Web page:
Chart: Real time countdown
Despite strong interest in real-time payments, the majority of finance executives aren’t ready to adopt real-time payments, according to PNC’s survey. Fifty-four percent said they have no plans to integrate the approach at this time, while 15 percent said they’re currently integrating it. One in four said they plan to begin adopting real-time payments within six months and 5 percent will be ready to start within the next six months.

Lack of capital and expertise are the top factors holding back real-time payments adoption in the U.S., PNC’s survey indicates. The majority, 64 percent of respondents, said the cost and/or complexity of real-time payments integration is preventing them from integrating it, while 28 percent said they need more knowledge about the technology's value and applicability to their organization. Nine percent said the cost of a new type of transaction is a roadblock.
Chart: No waiting
The top use case for real-time payments—by a long shot—is paying suppliers. Nearly 75 percent of corporate finance executives PNC surveyed said vendor payments are the top use case they anticipate for the technology. Employee payments are the second-most anticipated use case, at 30 percent, followed by collections at 26 percent. Only 22 percent of respondents ranked consumer payments as a top use case for real-time payments.

Smaller organizations with less than $1 billion in assets were most interested in using real-time payments for vendor payments, according to the survey. Eighty-two percent of finance execs at smaller companies flagged vendor payments as a prime use case for real-time payments, compared with only 60 percent of companies with more than $1 billion in revenue.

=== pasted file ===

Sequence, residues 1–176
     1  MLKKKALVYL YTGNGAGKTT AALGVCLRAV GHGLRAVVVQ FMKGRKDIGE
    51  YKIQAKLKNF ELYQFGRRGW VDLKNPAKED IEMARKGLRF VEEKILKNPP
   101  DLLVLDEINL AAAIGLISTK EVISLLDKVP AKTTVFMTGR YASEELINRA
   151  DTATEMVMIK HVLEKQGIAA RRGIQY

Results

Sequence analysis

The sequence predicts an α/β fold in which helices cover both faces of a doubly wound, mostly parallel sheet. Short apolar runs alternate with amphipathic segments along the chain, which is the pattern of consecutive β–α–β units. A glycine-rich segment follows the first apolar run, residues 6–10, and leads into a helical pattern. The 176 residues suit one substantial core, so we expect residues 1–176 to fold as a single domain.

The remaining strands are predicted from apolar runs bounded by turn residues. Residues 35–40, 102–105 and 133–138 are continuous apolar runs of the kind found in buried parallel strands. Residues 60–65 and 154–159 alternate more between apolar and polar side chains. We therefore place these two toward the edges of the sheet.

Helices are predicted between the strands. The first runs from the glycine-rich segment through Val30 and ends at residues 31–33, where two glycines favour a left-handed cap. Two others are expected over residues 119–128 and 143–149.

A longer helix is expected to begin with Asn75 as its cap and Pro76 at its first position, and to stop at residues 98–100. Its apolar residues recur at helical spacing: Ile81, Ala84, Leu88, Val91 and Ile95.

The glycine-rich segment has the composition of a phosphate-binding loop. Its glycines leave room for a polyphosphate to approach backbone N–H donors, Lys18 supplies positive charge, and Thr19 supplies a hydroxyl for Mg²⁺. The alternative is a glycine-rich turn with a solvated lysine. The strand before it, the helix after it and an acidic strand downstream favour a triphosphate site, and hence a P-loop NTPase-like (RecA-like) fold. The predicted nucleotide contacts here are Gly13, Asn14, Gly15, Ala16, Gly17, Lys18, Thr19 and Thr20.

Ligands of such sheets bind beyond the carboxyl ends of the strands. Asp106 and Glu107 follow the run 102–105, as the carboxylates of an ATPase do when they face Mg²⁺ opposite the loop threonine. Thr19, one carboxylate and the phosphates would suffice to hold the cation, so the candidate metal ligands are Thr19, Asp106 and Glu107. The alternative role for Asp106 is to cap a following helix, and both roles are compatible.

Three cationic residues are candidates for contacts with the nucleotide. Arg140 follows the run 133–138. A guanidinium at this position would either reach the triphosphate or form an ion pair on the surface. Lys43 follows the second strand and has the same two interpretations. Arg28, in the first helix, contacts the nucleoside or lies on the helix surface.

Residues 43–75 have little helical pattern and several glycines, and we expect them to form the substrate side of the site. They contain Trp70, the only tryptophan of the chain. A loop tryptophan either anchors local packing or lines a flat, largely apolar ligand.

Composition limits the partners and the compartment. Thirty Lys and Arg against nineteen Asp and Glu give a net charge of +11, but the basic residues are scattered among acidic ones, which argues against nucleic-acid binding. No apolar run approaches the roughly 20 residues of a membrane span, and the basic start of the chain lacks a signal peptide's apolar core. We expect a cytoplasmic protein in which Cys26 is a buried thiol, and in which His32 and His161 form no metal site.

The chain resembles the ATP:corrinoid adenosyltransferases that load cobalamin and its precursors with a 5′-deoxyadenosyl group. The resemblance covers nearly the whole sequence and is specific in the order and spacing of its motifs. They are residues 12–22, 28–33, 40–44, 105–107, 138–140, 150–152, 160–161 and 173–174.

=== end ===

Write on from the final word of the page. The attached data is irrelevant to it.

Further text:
Chart: European speed
Europe appears to be ahead of the curve in adopting real-time payments at the corporate level. After years of planning, the Single Euro Payments Area (SEPA) Instant Credit Transfer (SCT Inst) launched in November 2017, creating a system for instant cross-border payments for consumers and businesses in 34 European countries.

Initial response was healthy. By July 2018, 26 percent of European payment service providers had adopted SCT Inst, enabling instant euro transfers for domestic and cross-border payments within the zone, according to the European Payments Council.

The first wave of SCT Inst included 17 participants and over 500 addressable payment service providers (PSPs) in eight countries. The system had notched a total of 1 million transactions within five months, and by July more 1,000 PSPs were participating in 12 countries. Transaction volume is lower on weekends and evenings, but real-time payments circulate at all hours and on all days of the week, the EPC said in a recent report. Nearly all transactions processed between PSPs occur within 3 seconds, from origination to settlement.